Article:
Since the infantry troops don’t have a lot of heavy weapons to fight tanks, or take out bunkers, the Army developed a special version of the Stryker to provide just a little more punch- The Stryker MGS or Mobile Gun System. This is a Stryker with a special turret mounting a 105mm cannon. The turret is unmanned. The crew of the MGS is in the hull, and controls the turret and the weapons from there.  This is NOT a tank. Again, it just doesn’t have the armor to act like a tank. But it does give the infantry a lot of punch when and where they need it.

The Stryker has taken a lot of critisism from folks because it has fairly light armor. When compared to a Bradley or an M-1 tank, they complain that it is too light. But the fact of the matter is, the army used to have several divisions of troops that had no armor at all. Compared to riding around in a Humvee, the Stryker is far safer.

Check out this Stryker I found at Murdoc’s old place:

Sure, the ICV is a total loss, but there was only one wounded as a result of a roadside bomb.

Here’s a chart showing the organization of a Stryker infantry company:

click to enlarge

And here’s a couple of youtubes:

[youtube=http://www.youtube.com/watch?v=RC0PiFRuBWI]

[youtube=http://youtube.com/watch?v=41CpIA1Jytk]

8 thoughts on “The Stryker”

  1. In the graphic the driver and vehicle commander appear to be about the same size as the regular infantry. I thought there was a 85cm height limit for vehicle commanders in the Stryker. Are all the Stryker Infantry less than one meter tall or is the graphic not to scale?

  2. All US Army vehicles are made to the generic standard. Pretty much anyone can get stuck as a driver. The Soviet Army had very strict standards for who could serve in armored vehicles, generally, anyone over 5’8″ wasn’t going to fit in one. While a 6’3″ trooper would be cramped in the drivers compartment of a Stryker, you could still do it. That’s one of the reasons why western vehicles always had a higher silhouette than Soviet vehicles.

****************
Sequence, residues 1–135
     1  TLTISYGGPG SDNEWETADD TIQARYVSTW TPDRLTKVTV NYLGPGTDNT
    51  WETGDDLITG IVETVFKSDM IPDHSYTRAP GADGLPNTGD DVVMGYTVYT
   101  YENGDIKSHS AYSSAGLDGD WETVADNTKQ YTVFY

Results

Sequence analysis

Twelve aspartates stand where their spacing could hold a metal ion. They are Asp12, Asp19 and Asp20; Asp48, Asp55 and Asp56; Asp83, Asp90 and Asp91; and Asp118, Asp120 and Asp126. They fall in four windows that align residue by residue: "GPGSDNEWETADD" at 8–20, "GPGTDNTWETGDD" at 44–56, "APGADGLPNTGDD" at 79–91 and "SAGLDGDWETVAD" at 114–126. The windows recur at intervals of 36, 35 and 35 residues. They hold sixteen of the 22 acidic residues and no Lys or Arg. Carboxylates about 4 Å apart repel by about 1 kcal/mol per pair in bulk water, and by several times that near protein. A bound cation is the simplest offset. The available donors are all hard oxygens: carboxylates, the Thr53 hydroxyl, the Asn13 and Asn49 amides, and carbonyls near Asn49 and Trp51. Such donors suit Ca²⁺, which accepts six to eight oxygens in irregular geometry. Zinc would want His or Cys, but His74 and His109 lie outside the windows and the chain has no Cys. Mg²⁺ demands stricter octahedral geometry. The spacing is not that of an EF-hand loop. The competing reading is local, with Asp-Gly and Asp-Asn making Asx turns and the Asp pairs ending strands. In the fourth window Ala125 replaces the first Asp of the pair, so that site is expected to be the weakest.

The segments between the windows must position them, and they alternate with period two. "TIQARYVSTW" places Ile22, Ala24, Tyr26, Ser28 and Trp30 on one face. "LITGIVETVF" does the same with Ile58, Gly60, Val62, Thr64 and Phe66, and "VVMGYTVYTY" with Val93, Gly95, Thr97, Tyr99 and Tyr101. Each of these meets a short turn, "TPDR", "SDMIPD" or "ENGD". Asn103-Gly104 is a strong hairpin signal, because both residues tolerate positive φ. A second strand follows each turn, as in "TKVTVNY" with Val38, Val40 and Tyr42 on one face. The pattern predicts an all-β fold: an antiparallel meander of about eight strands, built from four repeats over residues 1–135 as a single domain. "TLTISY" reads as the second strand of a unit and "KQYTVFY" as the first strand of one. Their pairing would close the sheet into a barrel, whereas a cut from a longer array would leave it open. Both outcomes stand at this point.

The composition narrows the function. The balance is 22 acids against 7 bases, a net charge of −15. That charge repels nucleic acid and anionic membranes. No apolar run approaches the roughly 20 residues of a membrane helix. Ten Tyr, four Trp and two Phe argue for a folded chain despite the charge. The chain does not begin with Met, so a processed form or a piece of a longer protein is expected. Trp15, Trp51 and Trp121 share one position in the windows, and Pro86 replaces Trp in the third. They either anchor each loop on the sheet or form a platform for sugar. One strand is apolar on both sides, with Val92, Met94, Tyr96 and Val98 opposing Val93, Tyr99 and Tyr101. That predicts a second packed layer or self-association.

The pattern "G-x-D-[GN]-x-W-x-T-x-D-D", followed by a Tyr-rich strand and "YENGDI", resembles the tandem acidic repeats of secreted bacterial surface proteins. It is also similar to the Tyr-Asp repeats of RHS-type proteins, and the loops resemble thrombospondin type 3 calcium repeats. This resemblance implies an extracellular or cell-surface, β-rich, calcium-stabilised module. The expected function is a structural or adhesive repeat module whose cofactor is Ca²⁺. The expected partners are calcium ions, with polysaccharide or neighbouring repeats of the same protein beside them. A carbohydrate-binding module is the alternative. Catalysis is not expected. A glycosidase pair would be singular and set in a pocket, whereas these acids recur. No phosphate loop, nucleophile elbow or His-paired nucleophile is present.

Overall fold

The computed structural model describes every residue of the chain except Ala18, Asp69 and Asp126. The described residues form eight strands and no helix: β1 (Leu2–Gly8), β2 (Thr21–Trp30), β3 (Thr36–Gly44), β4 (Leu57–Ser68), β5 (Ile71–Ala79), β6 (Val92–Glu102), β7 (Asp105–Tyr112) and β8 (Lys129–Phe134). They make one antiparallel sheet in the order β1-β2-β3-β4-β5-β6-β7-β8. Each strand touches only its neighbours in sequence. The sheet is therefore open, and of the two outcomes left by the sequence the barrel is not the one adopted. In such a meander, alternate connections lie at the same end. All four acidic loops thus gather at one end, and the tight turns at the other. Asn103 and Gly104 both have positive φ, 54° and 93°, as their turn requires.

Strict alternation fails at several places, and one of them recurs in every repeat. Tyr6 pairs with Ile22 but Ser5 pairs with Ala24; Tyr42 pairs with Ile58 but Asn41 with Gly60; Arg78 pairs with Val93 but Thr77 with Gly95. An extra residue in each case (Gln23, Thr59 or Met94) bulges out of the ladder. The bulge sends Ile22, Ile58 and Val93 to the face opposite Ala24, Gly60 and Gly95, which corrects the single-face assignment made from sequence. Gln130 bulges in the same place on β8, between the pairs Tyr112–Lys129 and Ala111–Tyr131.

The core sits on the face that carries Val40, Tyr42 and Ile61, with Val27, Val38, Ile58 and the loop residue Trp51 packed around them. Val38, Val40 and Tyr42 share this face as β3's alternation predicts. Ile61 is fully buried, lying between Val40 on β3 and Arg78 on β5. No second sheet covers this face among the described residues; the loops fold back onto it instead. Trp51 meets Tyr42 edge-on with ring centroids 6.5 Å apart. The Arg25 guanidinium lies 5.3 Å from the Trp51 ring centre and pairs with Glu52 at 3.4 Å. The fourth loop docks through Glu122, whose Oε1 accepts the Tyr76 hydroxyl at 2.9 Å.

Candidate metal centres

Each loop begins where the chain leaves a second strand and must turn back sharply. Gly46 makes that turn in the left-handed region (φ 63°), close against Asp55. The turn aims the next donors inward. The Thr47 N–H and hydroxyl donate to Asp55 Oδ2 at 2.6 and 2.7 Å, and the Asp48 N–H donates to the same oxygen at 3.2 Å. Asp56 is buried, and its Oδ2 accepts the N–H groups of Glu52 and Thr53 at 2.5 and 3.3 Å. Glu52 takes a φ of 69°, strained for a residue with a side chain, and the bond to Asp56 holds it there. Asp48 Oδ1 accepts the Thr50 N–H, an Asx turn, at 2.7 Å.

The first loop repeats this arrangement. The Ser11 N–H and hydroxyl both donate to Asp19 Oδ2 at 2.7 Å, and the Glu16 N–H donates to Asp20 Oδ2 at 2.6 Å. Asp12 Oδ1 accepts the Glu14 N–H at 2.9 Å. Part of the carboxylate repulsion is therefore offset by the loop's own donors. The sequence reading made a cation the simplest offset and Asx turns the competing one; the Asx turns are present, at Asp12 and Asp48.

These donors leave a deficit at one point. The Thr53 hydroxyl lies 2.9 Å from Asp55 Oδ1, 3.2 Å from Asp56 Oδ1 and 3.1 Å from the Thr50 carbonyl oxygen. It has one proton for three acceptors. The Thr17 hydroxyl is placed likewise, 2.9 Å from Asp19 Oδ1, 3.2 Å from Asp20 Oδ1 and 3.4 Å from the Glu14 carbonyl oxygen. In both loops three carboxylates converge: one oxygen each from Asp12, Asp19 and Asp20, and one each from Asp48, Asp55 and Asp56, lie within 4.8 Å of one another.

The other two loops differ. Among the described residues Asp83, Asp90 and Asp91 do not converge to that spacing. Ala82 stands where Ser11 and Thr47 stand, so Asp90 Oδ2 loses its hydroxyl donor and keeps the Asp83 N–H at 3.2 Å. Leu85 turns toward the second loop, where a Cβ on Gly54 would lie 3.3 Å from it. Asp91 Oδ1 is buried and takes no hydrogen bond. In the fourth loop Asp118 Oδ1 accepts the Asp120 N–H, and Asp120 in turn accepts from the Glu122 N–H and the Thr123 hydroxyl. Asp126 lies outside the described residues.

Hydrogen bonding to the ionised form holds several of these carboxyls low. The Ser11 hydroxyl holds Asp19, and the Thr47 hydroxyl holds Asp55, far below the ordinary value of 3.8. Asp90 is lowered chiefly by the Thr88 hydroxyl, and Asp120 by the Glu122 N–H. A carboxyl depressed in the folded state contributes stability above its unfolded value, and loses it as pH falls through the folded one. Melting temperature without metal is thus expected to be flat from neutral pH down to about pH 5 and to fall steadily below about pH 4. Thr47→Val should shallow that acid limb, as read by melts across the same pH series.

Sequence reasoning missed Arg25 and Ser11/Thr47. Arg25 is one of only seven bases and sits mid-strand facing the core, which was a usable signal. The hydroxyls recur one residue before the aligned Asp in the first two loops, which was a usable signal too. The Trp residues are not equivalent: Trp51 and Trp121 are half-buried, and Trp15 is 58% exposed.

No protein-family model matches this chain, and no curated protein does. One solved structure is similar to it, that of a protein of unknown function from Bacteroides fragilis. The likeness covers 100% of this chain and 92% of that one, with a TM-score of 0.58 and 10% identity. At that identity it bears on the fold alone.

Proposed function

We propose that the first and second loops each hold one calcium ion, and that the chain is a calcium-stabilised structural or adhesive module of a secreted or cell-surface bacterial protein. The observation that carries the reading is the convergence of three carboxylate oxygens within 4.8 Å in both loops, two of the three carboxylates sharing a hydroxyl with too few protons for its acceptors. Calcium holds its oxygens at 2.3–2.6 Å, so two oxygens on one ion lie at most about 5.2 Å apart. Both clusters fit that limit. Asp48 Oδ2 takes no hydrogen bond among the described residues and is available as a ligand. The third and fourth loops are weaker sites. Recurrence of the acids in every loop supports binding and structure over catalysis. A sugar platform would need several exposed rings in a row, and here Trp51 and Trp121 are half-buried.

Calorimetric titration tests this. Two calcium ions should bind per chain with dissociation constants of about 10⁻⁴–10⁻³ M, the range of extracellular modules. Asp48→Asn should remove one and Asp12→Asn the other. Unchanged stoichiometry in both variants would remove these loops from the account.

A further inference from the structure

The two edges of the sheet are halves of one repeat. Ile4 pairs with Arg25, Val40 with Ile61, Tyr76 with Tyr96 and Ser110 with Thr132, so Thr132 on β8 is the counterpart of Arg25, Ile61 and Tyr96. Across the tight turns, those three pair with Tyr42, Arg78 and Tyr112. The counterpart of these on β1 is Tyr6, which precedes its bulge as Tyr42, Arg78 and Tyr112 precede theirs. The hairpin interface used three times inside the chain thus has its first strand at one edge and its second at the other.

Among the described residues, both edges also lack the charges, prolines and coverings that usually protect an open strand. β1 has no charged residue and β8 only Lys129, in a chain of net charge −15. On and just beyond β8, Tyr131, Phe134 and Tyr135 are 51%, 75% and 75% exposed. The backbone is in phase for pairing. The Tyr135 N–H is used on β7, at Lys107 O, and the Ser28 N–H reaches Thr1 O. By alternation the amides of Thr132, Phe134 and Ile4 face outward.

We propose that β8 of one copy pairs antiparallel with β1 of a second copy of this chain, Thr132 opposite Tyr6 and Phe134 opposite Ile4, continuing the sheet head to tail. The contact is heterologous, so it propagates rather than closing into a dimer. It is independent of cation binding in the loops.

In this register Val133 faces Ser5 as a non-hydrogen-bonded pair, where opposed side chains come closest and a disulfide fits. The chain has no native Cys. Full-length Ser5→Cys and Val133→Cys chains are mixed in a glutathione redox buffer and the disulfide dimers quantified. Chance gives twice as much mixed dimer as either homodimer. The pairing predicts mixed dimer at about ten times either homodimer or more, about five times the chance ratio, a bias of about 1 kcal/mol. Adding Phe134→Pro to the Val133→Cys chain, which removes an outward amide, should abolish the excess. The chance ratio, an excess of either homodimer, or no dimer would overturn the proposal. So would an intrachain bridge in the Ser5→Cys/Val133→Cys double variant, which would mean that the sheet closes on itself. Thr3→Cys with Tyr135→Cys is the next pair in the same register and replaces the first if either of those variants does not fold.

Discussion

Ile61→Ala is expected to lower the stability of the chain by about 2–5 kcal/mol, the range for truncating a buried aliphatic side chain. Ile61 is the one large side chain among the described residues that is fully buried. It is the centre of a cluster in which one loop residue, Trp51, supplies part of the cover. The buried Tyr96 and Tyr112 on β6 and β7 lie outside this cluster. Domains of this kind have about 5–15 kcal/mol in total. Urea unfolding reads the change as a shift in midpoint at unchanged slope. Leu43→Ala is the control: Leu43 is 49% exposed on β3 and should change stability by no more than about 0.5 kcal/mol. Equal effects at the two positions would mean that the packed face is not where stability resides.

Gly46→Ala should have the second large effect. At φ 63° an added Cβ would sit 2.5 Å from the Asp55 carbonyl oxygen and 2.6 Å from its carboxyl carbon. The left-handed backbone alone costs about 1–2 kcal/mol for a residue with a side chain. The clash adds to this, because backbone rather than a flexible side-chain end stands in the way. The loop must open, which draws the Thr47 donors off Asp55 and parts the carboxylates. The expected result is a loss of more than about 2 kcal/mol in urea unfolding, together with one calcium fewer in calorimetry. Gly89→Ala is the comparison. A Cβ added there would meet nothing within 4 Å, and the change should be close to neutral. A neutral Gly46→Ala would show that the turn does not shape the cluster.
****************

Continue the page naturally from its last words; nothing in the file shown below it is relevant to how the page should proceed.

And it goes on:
3. I asked because when the Stryker was being hung out by the media before the war it was reported that it couldn’t be airlifted by C130s and that regular sized, physically fit men, (Army guys) weren’t able to operate the controls because their hands were inside the vehicle with the keyboards and displays, but their heads were stuck about seven inches above the hatch.
    So, I am relieved to hear (but not really surprised) that the US hasn’t had to recruit a corps of hobbits to operate it’s new stuff.

  4. The seats are adjustable. The vehicles are designed to be fairly ergonomic. But not comfortable.

    The ability to transport by C-130 was a key contracting hurdle. And it can be transported by C-130. Barely. Sorta. You have to strip off everything like the weapon station, make sure it is empty, and of course, you can’t take the bar armor with it. And the crew pretty much has to fly separate.

Comments are closed.